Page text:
Endicott Rock – Laconia, New Hampshire - Atlas Obscura

Endicott Rock

Believed by many to be the oldest surviving public monument in the United States. 


Endicott Rock was originally inscribed by John Endicott in 1652, along with surveyors. Endicott was the governor of the Massachusetts Bay Colony at the time. The purpose of the rock was to mark the colony’s boundary, which was three miles north of the Merrimack River. This required finding the source of the Merrimack River. However, the location was mismarked because of a miscommunication with Native American guides. The actual location should be north at the headwaters of the Pemigeqasset River, which is a tributary of the Merrimack.

The purpose of the rock was to establish the boundary line between New Hampshire and the Massachusetts Bay Colony. Due to the mistake, New Hampshire got the better end of the bargain to the actual headwaters. However, New Hampshire didn’t quite agree with the Endicott expedition even though it did give them more land.

Officials complained to the crown and a royal commission was sent to settle the dispute. In 1740, the boundary line between Massachusetts and New Hampshire was settled. That boundary is still recognized today. However, the rock itself was all but forgotten.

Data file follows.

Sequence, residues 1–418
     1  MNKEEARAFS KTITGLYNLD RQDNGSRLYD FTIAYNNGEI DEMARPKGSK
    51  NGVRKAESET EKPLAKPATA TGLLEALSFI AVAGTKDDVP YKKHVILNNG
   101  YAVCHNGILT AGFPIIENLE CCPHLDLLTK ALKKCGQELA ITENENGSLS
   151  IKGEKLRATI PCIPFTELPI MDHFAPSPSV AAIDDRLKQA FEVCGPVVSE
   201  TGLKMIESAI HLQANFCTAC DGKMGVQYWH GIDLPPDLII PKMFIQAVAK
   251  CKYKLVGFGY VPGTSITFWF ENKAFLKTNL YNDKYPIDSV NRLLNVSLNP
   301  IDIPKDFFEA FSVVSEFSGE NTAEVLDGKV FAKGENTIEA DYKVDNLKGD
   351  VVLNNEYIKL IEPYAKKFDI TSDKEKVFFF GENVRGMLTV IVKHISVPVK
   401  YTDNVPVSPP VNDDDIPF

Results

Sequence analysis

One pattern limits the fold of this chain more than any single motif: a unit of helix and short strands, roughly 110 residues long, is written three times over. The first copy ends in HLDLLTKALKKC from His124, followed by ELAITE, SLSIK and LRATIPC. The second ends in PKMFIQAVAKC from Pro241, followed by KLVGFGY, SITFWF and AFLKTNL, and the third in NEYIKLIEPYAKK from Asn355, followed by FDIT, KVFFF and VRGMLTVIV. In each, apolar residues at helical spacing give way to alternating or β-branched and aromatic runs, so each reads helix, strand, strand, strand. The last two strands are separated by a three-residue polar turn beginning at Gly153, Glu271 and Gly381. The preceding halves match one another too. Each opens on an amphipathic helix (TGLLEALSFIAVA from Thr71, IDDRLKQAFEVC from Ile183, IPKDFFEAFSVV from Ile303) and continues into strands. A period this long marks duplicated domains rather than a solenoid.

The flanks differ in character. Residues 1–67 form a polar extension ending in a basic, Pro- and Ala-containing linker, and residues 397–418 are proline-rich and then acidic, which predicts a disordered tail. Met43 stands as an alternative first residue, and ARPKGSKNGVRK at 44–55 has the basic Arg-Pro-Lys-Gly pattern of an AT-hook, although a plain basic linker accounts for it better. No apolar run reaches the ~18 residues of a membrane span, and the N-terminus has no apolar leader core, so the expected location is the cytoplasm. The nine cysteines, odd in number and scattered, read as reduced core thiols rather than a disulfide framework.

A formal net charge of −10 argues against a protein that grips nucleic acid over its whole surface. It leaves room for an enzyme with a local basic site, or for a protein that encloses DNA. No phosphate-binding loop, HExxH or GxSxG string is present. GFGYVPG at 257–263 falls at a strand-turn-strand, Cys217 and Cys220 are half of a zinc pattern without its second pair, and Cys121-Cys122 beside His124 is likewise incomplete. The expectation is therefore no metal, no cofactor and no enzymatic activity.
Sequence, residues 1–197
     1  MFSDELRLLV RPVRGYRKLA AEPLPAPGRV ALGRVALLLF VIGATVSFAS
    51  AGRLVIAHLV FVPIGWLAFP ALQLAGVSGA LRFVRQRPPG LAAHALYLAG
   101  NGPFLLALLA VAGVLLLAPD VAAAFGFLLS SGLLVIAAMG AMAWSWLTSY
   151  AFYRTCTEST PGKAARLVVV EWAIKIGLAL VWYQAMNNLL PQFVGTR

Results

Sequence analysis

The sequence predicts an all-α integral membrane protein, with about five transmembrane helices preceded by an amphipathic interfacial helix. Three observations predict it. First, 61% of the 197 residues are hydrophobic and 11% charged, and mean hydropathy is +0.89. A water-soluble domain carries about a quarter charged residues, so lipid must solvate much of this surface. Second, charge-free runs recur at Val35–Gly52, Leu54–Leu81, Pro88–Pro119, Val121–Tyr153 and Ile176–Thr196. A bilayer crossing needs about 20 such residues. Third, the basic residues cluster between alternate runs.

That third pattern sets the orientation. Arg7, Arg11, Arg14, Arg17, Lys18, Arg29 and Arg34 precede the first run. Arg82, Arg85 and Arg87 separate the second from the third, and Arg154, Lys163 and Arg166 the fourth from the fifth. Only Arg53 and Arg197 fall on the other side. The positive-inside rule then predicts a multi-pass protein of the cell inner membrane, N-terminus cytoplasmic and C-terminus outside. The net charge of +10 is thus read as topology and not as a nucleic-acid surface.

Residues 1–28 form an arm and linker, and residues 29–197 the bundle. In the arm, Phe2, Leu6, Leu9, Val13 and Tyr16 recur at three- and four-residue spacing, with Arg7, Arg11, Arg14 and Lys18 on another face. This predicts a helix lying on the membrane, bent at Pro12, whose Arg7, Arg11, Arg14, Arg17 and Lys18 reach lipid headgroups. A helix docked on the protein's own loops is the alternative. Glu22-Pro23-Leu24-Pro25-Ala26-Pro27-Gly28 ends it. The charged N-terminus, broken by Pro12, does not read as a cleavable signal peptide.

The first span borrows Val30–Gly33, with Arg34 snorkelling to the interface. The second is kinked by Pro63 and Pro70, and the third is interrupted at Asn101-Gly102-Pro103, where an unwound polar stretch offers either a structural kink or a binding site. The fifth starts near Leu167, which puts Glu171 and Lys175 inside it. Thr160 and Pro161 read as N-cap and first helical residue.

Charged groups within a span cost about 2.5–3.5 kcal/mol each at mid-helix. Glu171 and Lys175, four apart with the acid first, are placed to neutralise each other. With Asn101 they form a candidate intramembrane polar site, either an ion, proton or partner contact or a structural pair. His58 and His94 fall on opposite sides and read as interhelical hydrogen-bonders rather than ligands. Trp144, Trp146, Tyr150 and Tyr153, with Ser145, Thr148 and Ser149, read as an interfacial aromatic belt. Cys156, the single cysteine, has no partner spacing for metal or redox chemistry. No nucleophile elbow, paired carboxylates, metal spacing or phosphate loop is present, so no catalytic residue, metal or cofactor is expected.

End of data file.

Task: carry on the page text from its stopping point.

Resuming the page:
During the 1800s, the rock was rediscovered. The channel from Lake Winnipesaukee and Lake Paugus was too shallow for steamboats to pass through, so a project was created to deepen and widen the channel. During that  project, the Endicott Rock was unearthed.

Sometime before the 1900s, the citizens of New Hampshire had a structure built over the rock to protect it from the elements. It was also moved from its original location (in the channel) to the edge of the beach. Structural repairs were done to stop the deterioration process, and a statue of a Native American guide was placed on top of the monument. However, vandals damaged the statue. It was later repaired and moved to the Gale Memorial Library in Laconia. A new statue was dedicated in 2006 to honor the Native American guides.

Know Before You Go

There is a $10 parking fee at the park, but you can easily park where there is metered parking and walk down to the park.

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